It is atop this API that web applications are built. Midgard objects are helpfully generic, but they are also fixed. This means that modifying existing objects or creating new ones requires changing -- if you dare -- the underlying C source code and recompiling the library. We have worked around this limitation by sticking with the PHP interface and using custom parameters, arbitrarily associated data, or metadata, but it's a little cumbersome and not entirely satisfying.
The most important application for Midgard -- the one that turns Midgard from an application framework into a relatively useful content management system -- is the administrative front end. Midgard went through two previous versions before the Hong Kong Linux Center announced "Nadmin" (now Nadmin Studio), which uses PHP and DHTML to provide an attractive and powerful interface to the underlying Midgard API.
Sample content approval screen within Nadmin
Nadmin provides facilities to manage multiple websites, as well as edit web pages and smaller shared elements of HTML or PHP code.
Permissions are not terribly granular, but they can be adjusted sufficiently to allow authors and editors to see only news, designers to see only page templates and so on.
Nadmin Permissions Interface
Nadmin adds revision control to its interface with Midgard's datatypes so that an unfortunate change to the left navigation, for example, can be "undone" and returned to a known good state. Unfortunately, Nadmin does not natively provide the ability to version an entire section or website (although a command-line tool called "Repligard" can save off a whole site or section for archival purposes -- more about that later). And editors beware: there is no native "check-out" or similar version-control mechanism to keep concurrent users from overwriting each others' work -- although the product can be extended to provide element and page locking.
One of Nadmin's other strengths is the way that it takes advantage of the versatility of Midgard's open interface to enable you to include other PHP applications within a content management framework. There are scores of quality PHP applications that can be integrated into Midgard and Nadmin with relative ease due to Midgard's (somewhat utilitarian) code management facilities. Indeed Nadmin Studio includes a forum application, some system administration applications (e.g. email), an ad server, web statistics and a search engine -- all of which are independent projects. This integration is more complete with some applications than with others, but if you have existing PHP code, expect to be able to incorporate it with little difficulty.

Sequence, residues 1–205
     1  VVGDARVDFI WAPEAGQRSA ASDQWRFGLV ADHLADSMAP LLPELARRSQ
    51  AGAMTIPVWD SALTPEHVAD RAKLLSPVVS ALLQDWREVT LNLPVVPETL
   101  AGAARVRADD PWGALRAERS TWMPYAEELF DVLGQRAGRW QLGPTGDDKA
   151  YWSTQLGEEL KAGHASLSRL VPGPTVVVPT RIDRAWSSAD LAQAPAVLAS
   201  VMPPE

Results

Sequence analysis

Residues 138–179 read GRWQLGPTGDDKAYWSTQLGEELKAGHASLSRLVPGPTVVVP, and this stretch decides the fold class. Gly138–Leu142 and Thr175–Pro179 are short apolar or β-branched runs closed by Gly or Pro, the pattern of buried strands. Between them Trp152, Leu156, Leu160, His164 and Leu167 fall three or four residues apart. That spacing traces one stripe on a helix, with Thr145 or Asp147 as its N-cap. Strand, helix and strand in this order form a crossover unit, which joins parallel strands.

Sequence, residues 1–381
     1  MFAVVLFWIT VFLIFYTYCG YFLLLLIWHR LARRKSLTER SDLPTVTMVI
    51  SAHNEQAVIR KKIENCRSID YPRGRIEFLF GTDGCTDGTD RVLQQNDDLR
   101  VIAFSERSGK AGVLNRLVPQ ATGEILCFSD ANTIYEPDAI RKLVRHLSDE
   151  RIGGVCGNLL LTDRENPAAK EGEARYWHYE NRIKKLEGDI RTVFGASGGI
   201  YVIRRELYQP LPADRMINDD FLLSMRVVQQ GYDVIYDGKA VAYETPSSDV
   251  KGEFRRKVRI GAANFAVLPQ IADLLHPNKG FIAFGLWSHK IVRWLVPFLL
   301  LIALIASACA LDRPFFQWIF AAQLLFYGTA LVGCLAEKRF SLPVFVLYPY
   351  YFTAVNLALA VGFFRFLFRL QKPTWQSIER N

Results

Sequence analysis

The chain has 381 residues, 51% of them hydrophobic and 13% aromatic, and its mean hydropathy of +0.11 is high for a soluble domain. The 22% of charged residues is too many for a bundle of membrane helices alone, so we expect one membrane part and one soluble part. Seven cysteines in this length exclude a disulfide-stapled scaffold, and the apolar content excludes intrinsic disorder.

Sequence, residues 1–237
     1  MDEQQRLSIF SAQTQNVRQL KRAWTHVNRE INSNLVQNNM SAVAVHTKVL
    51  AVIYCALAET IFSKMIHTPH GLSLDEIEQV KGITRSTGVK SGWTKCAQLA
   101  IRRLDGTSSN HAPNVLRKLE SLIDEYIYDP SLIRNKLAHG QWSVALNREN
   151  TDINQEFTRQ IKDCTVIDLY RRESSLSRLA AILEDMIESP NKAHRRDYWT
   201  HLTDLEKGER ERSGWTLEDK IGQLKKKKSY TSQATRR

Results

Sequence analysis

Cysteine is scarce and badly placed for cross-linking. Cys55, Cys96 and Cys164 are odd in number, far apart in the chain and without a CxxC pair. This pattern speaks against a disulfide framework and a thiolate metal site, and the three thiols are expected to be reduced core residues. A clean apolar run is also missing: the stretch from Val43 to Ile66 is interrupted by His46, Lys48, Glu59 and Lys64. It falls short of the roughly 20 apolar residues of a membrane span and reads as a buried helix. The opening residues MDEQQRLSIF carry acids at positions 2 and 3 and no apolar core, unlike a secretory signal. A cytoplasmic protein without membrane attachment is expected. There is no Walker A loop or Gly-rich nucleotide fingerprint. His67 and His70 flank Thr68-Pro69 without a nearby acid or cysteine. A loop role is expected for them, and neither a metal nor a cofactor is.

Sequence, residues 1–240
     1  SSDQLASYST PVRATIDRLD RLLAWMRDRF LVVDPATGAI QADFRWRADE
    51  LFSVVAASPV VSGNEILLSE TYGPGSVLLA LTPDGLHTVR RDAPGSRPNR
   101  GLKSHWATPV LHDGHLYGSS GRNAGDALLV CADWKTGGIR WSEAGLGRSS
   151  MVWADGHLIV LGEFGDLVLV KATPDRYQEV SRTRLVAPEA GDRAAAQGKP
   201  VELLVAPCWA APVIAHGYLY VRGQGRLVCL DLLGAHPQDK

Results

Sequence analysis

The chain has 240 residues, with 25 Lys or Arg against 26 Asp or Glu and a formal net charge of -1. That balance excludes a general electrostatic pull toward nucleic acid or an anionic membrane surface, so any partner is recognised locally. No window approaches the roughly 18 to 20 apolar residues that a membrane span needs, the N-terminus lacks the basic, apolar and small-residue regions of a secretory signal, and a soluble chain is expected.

Nadmin also employs Midgard's relatively new replication system, "Repligard," along with Perl and shell scripts, to accomplish a simple staging/production environment, where pages, news articles, page templates can be edited and tested in staging and pushed up to production after approval.
Repligard uses Midgard libraries to export and reimport an entire site, group of sites, or an entire database of companies and sites to an XML file, saving relationship and state information. Repligard can also be configured to export only changes made to a database since the last export. It can also pick a particular branch of the site tree to export. These export files can be used for mirroring or backup purposes.
Nevertheless, this replication is still fairly ad-hoc, but will no doubt improve as Repligard evolves to allow for finer-grained rules.
What does the future hold for Midgard? The platform's chief developers have committed to releasing a completely rewritten, stable version by December, 2001. This will probably be incorporated into a hybrid Midgard 1.6 while Midgard 2.0 is primed to completely replace the existing Midgard framework.
Interesting features slated for Midgard 2.0 include a flexible object model, so that new datatypes can be defined with little or no impact on existing code. While the present version of Midgard is wedded exclusively to MySQL, version 2.0 will be database agnostic, so that the filesystem could be used to store page templates and elements, a database could be used to store news articles and LDAP server could store user and member information.
The adoption of XML-RPC -- a cross platform protocol that allows applications to execute code on other networked machines -- raises the possibility of Perl or Python applications taking advantage of Midgard. It will also enable siteowners to off-load resource intensive applications to other servers.
Midgard is a powerful and flexible CMS whose strength lies in its templating system and its ability to integrate 3rd-party PHP applications.
Like other Open Source CM packages, however, Midgard is weak in areas where commercial products have made substantial investments, such as Workflow, Library Services, and Personalization. The Midgard / Nadmin combination is not for everyone, but if you have already made a commitment to Apache and/or PHP, it should join your short-list of CM platforms to consider.